In the days when English counties were untouched by the dead hand of central government rationalisation, odd little chunks of them used to fetch up in neighbouring shires, appearing as little green or brown blobs, defiantly labelled ‘part of Leicestershire’ or ‘part of Somerset’. The Mediterranean sometimes seems like a larger version of this topographical oddity. Officially it is part of the Atlantic, an awkward remnant of what was formerly a vast marine depression stretching far into central Asia. But who beside its shores has felt depressed for very long? The Atlantic is where we go for granite and fog, grey waves and annihilating icebergs, to be overwhelmed by ‘l’immense démence de la mer’, as Victor Hugo called it. The Mediterranean, on the other hand, as we sidle into it through the Straits of Gibraltar, persuades us, by its millennial evidence of human creativity, imagination and ingenuity, that we are little less than gods.
Nicholas Woodsworth is a Canadian journalist married to a Frenchwoman and living in Aix-en-Provence, not exactly beside the great inland sea but sufficiently vulnerable to what he terms the goat’s-cheese-and-lavender school of writing about maritime Provence. Leaving France behind (even rackety old Marseilles, as irrepressibly Mediterranean a spot as you could find, apparently won’t do for a departure point) Woodsworth prepares to start his tour of ‘the Liquid Continent’ on a train to Alexandria.
Curiosity is what makes him a bona fide traveller and saves him from instant disenchantment with the city when he arrives. For Alexandria is the classic casualty of postwar nationalism, a polyglot Levantine society whose febrile essence was vindictively shattered by the Suez crisis, leaving nothing very much to take its place.
Shaped from a Macedonian conqueror’s Homeric dream, the ancient birthplace of geometry, geography and literary criticism, the capital of the Ptolemies has become just another scruffy, overpopulated Middle Eastern conurbation, with grimly generic apartment blocks where villas and palaces once stood.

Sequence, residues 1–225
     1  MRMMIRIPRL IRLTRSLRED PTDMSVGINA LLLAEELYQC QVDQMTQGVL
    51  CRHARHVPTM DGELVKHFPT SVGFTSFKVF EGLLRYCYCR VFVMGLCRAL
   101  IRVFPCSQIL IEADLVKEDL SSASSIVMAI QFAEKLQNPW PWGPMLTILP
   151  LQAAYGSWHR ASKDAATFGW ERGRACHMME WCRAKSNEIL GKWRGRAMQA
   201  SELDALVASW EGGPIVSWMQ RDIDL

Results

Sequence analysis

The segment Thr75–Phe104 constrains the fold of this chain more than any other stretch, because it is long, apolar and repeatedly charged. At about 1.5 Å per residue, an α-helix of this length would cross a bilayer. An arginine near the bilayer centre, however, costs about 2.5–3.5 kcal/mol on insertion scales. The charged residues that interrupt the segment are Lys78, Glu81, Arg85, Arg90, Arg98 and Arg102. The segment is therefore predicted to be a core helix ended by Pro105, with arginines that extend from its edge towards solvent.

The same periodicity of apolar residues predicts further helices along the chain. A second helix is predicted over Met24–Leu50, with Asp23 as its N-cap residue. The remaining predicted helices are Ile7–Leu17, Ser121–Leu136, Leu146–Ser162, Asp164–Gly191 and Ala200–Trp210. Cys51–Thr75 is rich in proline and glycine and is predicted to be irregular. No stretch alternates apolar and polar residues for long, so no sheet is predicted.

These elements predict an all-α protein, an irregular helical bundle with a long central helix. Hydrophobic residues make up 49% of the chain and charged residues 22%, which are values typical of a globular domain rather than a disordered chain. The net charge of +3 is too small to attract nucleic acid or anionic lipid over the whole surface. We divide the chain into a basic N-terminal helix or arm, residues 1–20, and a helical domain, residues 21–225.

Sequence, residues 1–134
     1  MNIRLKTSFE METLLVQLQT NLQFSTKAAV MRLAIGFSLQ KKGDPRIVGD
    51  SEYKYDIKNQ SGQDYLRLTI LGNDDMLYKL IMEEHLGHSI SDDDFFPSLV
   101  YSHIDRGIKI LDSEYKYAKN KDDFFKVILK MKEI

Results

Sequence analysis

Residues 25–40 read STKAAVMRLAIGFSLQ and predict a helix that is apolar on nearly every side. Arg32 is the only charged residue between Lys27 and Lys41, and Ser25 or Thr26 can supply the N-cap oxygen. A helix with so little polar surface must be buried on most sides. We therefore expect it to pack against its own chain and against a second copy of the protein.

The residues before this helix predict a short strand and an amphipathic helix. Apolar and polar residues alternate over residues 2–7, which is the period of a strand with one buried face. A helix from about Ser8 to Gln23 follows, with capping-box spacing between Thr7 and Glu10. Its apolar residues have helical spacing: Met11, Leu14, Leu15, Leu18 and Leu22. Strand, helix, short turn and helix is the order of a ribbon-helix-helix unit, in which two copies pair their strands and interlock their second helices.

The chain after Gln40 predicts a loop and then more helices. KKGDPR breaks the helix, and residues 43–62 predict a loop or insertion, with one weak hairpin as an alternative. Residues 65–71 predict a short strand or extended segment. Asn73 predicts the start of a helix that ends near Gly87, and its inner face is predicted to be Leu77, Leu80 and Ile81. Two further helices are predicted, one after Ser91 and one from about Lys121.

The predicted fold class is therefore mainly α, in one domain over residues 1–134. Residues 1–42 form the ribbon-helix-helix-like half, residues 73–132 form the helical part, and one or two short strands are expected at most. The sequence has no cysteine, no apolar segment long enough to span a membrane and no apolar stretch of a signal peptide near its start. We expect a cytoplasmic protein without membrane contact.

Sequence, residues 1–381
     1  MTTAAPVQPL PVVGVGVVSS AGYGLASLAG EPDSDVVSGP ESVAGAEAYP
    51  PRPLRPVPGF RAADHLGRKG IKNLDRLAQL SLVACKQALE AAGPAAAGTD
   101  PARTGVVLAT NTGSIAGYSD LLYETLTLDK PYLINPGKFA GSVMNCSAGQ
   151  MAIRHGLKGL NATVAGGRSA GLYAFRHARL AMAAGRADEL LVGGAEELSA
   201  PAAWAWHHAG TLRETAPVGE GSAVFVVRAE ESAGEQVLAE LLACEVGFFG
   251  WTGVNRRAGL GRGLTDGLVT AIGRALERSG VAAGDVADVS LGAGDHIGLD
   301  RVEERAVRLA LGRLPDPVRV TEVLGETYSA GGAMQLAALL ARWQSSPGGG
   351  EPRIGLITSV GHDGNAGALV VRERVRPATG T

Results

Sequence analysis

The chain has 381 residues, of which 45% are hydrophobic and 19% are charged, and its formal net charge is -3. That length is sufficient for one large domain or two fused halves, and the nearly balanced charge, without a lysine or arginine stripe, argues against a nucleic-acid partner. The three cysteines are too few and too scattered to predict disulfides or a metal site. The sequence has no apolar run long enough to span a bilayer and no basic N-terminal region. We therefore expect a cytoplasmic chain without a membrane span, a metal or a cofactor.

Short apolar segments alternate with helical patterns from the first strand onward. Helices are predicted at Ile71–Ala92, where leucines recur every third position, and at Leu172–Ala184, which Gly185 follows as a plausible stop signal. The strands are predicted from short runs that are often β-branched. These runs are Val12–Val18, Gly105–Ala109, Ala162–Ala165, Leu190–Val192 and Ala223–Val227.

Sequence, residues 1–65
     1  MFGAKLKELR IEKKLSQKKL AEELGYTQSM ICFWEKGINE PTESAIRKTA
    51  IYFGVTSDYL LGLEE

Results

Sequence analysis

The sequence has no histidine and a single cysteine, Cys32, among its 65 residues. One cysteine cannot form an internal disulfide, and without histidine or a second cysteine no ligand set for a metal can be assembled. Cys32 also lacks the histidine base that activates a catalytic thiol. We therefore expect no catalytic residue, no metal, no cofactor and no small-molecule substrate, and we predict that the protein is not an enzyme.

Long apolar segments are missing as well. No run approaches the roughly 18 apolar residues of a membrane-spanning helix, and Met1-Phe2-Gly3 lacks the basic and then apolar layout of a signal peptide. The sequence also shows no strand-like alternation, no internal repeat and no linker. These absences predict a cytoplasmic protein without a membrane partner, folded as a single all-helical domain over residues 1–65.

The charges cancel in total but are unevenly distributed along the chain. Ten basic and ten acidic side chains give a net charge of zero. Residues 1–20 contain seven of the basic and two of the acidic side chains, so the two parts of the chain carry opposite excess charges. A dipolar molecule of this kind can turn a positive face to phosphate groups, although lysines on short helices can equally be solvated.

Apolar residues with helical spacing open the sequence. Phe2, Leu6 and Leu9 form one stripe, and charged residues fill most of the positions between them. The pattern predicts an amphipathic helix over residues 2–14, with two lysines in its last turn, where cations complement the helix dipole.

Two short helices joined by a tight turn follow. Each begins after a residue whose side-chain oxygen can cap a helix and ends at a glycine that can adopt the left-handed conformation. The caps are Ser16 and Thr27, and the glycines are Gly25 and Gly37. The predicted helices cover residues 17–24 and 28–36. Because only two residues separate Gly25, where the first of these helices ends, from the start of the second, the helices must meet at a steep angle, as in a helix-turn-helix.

Woodsworth’s Alexandrian guides are not of the usual pyramids-for-baksheesh variety. A French archaeologist named Elizabeth Hairy interprets the mysteries of the earthquake-toppled Pharos as an antique pathway to heaven, Joseph, a dodgy Lancastrian Brit, having unearthed the city’s single surviving Greek brothel madam for the author’s inspection, takes him on a nocturnal church crawl, and Mimi Awad, half-Orthodox, half-Muslim, introduces him to what is left of cosmopolitan bon ton, ‘stirring up the settled dregs of once lavish and decadent lives’ with the crumbling shell of Lawrence Durrell’s villa for a backdrop.
‘No matter what the age’, Woodsworth concludes, ‘all Alexandrians gaze behind themselves in longing’. Among the most distinguished of them was St Mark, who ended up under the high altar of his eponymous Venetian basilica after medieval merchants smuggled his body out of Egypt wrapped in pork to deter Muslim customs inspectors. We are at least 100 pages into Woodsworth’s Venice volume before he himself arrives on the Rialto, having dawdled in Aleppo, Latakia and Ankara en route. A reluctant cultural tourist, he slogs dutifully round churches and galleries, but is far more interested in boating on the lagoon among the topi, sandali and caorline than in the beauties of Titian and Veronese. The city proves too dinkily parochial for his taste, so he hurries south to Ancona in search of a ferry to whisk him back inside the confines of the old Ottoman empire.
The Liquid Continent’s final volume is much the most enjoyable. By now the writer has got into his stride and decided who he is in relation to the unfathomable complexity of his theme. On his way to Istanbul he delights in Albania as an ideal manifestation of the ‘screw-you-Jack, what’s-it-to-me unruliness of the Levant’ and tries without success to avoid mentioning the ‘L’ word on the island the Greeks would much rather we didn’t call Lesbos. To history’s habit of encroaching on his Mediterranean travels at the slightest opportunity he reacts with a surprise which is positively touching. At least some of the pleasure afforded by these three books derives from Woodsworth’s frankly acknowledged ignorance of the Levantine past. He fetches up in Istanbul, that Mediterranean Alpha-et-Omega, apparently knowing nothing of Byzantium, the Ottomans, the Dardanelles campaign or the 1922 Greek invasion of Turkey but refreshingly ready to shoulder the corresponding burdens of enlightenment.
The city, Woodsworth discovers, is full of those ready to share his load, from Australian tourists at Gallipoli cursing the bloody Poms, a Berber institutrice in Galata’s Benedictine academy and a venerable family of Armenian architects to an Italian novelist and the editor of Constantinople’s last Greek newspaper. Preferring Istanbul’s resilience and vitality to the decadence and self-consciousness of Alexandria or Venice, he nevertheless closes the trilogy on a note of ambivalence. Can cosmopolis on the Bosphorus survive by its classic expedient of looking in two directions at once? Galata Bridge, linking Europe to Asia, provides him with a ready-made image of the universal conflict between globalisation and cultural identity, one which the Mediterranean’s cosmopolite pluralism may now prove too weak to resolve.
This article first appeared in the print edition of The Spectator magazine, dated May 17, 2008